There were a couple of reviews of SuperNOIRtural Tales posted over the holiday break. Ted E. Grau over at The Cosmicomicon had this to say:
Rogers’ style is a perfect fit for this sort of fiction, as his writing is clean and straight ahead, without a lot of jazz hands, while also dashing the stew with a necessary amount of sarcasm and bone dry, black humor. But there is also a depth of character, and a firm respect for what makes both good Horror and good Crime Fiction. Like a mellow scotch, Rogers’ writing is the ideal blend of the spooky and the restrained, the shocking and the procedural, striking a balance that serves this sort of mash-up perfectly.
Ted also interviewed me for his website, which you should definitely check out because Ted is a big a fan of horror and noir as I am. Here’s an excerpt:
Do you have any more stories percolating that take place in or around the Black Lands?
My first non-Felix Black Lands story was recently published in the anthology Chilling Tales 2, edited by Michael Kelly. It’s called “Day Pass,” and it deals with a kind of halfway house for shapeshifters. People who have been infected by a Black Lands virus that’s basically the supernatural equivalent of rabies.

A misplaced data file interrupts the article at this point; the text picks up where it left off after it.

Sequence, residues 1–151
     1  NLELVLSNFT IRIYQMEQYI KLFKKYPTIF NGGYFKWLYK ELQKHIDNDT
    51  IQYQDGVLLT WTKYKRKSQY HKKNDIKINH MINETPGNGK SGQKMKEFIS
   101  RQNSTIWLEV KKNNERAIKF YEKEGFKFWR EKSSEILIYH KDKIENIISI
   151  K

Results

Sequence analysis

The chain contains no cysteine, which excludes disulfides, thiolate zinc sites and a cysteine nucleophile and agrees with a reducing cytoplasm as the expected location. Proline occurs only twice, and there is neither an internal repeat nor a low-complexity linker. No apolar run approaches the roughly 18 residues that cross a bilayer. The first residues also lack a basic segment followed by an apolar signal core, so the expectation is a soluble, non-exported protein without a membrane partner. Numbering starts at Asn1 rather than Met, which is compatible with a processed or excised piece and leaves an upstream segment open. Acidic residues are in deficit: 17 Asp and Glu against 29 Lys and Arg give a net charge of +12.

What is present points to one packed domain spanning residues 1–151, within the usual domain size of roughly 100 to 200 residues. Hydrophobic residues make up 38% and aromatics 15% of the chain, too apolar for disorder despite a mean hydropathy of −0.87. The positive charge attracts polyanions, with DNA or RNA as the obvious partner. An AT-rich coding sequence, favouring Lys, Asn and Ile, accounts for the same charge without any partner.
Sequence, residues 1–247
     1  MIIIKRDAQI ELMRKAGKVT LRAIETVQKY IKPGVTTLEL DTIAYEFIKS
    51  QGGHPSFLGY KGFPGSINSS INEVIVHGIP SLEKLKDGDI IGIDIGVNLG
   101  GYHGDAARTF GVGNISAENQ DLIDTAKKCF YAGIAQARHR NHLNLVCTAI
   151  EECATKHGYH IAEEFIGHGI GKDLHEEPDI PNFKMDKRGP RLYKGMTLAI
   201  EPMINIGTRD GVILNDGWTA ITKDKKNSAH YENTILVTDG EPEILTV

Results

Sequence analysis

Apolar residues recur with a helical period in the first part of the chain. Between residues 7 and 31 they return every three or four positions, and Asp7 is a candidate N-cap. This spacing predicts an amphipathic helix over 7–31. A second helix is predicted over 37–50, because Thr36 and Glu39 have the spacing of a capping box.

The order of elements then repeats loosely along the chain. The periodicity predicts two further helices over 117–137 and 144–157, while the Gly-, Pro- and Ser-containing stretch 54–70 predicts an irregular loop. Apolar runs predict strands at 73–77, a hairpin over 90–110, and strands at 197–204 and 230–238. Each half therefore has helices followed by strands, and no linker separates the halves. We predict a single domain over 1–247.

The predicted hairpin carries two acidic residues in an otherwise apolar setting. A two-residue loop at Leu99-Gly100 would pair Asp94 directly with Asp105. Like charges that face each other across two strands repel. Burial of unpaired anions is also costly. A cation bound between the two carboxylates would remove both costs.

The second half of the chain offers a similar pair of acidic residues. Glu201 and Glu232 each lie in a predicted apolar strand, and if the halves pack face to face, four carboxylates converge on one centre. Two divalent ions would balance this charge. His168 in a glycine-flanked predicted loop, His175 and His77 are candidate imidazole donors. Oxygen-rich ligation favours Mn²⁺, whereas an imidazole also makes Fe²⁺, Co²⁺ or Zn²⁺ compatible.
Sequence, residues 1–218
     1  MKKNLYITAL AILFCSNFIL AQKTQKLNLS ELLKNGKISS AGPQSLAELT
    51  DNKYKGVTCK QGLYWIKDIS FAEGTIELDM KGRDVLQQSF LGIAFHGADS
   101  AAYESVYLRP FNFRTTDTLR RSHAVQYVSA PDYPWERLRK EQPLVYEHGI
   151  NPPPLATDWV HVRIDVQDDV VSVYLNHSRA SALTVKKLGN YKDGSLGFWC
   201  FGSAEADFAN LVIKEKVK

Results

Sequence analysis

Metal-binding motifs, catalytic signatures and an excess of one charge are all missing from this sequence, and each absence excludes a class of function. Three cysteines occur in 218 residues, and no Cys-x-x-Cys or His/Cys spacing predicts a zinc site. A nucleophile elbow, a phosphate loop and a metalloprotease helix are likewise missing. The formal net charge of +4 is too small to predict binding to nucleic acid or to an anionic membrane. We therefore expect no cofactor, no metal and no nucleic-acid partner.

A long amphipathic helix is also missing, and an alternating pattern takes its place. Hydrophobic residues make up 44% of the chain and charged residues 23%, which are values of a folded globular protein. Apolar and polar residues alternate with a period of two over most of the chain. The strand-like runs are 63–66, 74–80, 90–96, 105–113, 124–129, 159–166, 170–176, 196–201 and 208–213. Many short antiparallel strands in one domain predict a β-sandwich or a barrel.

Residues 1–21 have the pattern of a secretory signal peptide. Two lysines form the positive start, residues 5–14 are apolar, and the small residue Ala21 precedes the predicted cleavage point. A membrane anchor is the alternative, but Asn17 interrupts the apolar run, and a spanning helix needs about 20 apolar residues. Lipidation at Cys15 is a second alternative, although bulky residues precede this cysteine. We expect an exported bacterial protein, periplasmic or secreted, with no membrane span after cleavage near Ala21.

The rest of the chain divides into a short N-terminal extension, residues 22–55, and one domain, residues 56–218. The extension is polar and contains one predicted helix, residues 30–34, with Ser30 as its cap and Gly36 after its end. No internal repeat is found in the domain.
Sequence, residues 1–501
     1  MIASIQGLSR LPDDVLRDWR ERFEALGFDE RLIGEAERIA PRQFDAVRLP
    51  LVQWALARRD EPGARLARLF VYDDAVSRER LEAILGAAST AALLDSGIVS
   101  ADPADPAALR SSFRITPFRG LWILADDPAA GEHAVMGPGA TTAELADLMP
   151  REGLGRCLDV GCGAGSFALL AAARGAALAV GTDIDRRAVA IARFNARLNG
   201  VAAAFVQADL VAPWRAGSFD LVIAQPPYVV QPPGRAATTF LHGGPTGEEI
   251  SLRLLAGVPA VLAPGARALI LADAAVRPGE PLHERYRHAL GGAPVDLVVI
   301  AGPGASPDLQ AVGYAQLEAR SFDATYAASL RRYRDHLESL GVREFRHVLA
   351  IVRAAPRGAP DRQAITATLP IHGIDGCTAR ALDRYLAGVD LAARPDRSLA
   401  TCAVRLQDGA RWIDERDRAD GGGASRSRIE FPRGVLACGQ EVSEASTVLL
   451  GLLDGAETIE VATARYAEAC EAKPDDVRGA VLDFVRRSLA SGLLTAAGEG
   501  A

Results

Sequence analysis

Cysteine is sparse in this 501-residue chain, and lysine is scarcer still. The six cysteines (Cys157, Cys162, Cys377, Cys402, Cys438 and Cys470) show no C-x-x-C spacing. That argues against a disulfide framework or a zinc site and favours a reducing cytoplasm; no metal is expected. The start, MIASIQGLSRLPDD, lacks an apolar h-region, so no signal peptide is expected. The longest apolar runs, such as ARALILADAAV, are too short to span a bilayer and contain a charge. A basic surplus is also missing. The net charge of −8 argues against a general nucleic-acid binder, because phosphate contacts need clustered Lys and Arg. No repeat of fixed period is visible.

I’ve got a new Felix Renn story called “Eyes Like Poisoned Wells” that’s currently making the rounds.
And I’m currently working on a short story featuring Jerry Baldwin, the haunted house realtor from “The Brick.” It’s a tale of demons and exorcism called “Possession is Nine-Tenths of the Law.” Jerry’s stories tend to be a bit lighter. Not outright comedies, but less dark than the rest of my Black Lands stories. I like them because they let me explore not just another character, but another view of the world. Jerry’s outlook is very different from Felix’s. He doesn’t like the way the Black Lands is intruding on our world, but he’s trying to make the most of it. Even more, he’s trying to make money out of it.
You can read the whole review and the rest of the interview at The Cosmicomicon.
Josh Black also reviewed the book for Hellnotes:
The Brick is easily the highlight of the collection. It’s a creepy and effective haunted house tale, a terrifying monster-battling romp, and a strikingly poignant family saga that asks some probing questions regarding self-sacrifice. This one had me laughing, tearing up and nearly jumping out of my chair in equal measure.
Read the full review
Thanks to both of these fine gents for the excellent reviews.